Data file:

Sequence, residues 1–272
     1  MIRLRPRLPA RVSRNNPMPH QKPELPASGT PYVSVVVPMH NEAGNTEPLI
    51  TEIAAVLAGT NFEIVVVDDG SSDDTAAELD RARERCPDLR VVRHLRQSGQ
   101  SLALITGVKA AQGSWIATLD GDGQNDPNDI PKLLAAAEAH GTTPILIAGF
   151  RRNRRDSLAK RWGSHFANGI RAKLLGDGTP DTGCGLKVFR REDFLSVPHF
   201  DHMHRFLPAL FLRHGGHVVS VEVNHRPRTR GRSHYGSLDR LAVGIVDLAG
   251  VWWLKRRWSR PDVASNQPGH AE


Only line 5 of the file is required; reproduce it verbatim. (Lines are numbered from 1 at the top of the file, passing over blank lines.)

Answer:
   151  RRNRRDSLAK RWGSHFANGI RAKLLGDGTP DTGCGLKVFR REDFLSVPHF